The Bed of Machair
By Marg Greenwood
Screaming gulls, stinking fulmars,
seals fog-battling, slouched on skerries,
crying to their newborn pups
beside the Butt of Lewis.
In the lee of the lighthouse
a calmer place, where I hear
the corncrake's croak from somewhere
in this Highland garden.
A pink path of thrift points the way
until, scare-bombed by a bonxie bully,
I blindly dive into the machair,
soft landing on the speckled carpet.
Orchids join the corncrake's game;
the Early March shrugs,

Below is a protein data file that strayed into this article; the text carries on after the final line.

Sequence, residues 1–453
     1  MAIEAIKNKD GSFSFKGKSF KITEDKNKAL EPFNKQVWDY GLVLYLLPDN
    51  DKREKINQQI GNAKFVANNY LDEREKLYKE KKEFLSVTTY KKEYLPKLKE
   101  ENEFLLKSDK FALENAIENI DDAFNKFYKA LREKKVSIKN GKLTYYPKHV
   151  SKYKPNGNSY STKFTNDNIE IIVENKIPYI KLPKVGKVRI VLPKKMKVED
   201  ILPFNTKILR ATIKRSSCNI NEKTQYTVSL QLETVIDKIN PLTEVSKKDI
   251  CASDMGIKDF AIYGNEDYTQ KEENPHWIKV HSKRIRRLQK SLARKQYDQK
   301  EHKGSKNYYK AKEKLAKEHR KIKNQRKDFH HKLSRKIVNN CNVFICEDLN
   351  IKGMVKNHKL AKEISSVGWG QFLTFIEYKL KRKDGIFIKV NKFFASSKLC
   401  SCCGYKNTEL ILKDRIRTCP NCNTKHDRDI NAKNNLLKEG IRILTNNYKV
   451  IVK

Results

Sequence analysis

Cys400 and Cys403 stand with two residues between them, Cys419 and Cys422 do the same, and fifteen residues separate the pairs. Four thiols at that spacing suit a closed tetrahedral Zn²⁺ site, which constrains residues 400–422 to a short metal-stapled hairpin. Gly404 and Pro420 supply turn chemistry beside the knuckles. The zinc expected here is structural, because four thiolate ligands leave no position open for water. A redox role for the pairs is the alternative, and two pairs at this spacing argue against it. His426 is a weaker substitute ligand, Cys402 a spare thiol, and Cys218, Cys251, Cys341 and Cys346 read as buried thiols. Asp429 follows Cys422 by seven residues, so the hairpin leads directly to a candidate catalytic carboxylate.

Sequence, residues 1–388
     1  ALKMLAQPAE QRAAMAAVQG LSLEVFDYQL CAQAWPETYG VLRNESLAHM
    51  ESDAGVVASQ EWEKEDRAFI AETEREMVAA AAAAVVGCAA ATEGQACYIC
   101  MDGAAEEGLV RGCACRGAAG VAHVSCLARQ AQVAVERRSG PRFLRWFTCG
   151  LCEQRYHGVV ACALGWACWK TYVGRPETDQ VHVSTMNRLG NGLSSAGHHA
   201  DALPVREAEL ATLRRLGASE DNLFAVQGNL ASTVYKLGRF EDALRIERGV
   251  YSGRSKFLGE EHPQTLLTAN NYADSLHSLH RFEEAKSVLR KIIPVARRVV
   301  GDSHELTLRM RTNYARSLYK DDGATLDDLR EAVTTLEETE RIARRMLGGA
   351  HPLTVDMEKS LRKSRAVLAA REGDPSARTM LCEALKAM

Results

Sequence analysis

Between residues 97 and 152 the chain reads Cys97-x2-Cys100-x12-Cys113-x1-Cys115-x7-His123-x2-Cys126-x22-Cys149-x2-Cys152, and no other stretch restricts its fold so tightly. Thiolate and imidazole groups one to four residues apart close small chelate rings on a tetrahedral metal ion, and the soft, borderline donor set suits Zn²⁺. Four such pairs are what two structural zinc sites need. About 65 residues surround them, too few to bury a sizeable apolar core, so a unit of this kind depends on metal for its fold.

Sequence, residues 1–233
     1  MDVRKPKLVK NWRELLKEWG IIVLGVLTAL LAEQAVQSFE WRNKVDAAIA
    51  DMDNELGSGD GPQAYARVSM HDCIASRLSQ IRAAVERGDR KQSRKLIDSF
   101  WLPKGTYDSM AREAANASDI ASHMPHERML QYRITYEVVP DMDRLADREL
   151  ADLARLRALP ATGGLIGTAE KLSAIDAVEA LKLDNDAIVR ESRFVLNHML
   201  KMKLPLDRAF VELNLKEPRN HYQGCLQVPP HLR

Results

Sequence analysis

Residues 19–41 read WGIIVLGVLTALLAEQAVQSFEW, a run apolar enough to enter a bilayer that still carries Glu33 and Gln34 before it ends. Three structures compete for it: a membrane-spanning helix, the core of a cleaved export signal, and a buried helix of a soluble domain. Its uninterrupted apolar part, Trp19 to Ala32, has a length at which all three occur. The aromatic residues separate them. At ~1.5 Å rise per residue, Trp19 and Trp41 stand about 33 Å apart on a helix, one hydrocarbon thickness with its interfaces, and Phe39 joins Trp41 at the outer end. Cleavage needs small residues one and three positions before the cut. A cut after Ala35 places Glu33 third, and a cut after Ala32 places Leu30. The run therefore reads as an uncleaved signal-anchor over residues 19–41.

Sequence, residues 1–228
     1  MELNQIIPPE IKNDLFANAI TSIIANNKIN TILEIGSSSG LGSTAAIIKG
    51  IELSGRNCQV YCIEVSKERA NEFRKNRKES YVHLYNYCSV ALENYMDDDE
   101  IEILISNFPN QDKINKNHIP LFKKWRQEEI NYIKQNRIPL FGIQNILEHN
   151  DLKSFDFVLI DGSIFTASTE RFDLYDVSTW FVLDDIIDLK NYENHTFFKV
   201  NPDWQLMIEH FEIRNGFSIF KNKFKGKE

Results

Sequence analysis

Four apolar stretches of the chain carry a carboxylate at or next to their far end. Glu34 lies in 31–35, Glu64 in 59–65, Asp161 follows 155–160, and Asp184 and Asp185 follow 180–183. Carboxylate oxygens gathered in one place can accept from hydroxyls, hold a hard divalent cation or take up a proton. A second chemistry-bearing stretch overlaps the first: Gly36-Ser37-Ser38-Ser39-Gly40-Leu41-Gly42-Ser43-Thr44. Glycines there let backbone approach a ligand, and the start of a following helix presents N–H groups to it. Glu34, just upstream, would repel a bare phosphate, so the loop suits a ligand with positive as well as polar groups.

Heath-Spotted looks away;
all wary of intruding.
Flowers blooming in a bed of machair on Lewis, Outer Hebrides
Birdsfoot trefoil finds my fingers;
I stroke its yellow petals,
linger with pinky lousewort.
Tendrils of dark blue tufted vetch
curl their way into my hair.
My skin drinks the machair essence
until the ego melts and merges,
and there's no longer I, but We.
Image provided by Marg Greenwood